Recovery from blindness Recovery from blindness is the phenomenon of a blind person gaining the ability to see, usually as a result of medical treatment. As a thought experiment, the phenomenon is usually referred to as Molyneux's Problem. The first published human case was reported in 1728 by the Surgeon William Cheselden. Patients who experience dramatic recovery from blindness experience significant to total agnosia, having serious confusion with their visual perception. List of memory biases In psychology and cognitive science, a memory bias is a cognitive bias that either enhances or impairs the recall of a memory (either the chances that the memory will be recalled at all, or the amount of time it takes for it to be recalled, or both), or that alters the content of a reported memory. There are many different types of memory biases, including: See also[edit]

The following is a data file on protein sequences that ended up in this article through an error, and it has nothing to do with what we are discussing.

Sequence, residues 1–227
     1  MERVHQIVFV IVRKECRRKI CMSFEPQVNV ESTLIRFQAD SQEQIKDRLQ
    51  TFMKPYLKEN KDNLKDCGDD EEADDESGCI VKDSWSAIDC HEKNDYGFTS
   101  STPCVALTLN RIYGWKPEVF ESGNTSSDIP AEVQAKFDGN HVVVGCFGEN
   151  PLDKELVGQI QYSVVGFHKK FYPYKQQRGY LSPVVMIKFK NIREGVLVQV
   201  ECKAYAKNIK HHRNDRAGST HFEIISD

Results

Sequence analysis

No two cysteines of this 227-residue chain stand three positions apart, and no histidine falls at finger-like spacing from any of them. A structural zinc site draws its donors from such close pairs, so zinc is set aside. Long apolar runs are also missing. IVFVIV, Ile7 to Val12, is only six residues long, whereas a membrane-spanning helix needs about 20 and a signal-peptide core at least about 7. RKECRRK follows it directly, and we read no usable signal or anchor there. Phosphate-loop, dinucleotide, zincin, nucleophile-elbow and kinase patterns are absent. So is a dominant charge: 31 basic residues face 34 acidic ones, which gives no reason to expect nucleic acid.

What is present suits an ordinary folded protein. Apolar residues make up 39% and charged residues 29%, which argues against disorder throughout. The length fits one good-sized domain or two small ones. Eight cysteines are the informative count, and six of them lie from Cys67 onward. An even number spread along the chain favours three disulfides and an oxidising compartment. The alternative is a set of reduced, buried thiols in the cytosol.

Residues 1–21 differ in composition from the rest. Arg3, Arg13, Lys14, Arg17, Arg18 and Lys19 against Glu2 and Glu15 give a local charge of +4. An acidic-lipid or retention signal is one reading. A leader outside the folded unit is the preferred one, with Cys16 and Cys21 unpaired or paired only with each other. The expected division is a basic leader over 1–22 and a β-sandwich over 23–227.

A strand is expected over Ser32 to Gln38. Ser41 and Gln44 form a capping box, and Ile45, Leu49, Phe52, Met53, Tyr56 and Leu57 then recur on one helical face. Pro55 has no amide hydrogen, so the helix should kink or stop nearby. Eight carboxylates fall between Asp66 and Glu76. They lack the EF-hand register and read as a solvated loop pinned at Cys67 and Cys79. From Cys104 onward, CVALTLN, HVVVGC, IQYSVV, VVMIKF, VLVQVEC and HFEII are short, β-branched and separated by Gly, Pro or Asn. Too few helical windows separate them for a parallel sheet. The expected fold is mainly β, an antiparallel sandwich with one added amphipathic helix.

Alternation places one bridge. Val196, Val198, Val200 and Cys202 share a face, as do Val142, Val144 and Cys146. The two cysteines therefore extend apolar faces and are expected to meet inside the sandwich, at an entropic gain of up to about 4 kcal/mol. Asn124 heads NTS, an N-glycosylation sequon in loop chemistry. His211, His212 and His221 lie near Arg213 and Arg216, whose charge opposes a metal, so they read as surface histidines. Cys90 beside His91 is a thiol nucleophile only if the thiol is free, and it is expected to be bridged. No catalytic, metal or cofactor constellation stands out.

Visual agnosia Visual agnosia is an impairment in recognition of visually presented objects. It is not due to a deficit in vision (acuity, visual field, and scanning), language, memory, or low intellect.[1] There are two types of visual agnosia: apperceptive agnosia and associative agnosia. Recognition of visual objects occurs at two primary levels. Do you suffer from face blindness? Seven signs and symptoms of prosopagnosia If you read my previous post on the role of cognitive assessment in identifying uniqueness, you’ll know that I’ve worked with a lot of folks who suffer from severe difficulties recognizing faces: a condition known as prosopagnosia or face blindness. I get a lot of emails from people who take the face recognition tests on and want to know what sorts of experiences might indicate that someone has face blindness. If you suspect you have face blindness, you may find you identify with some or many of the experiences below.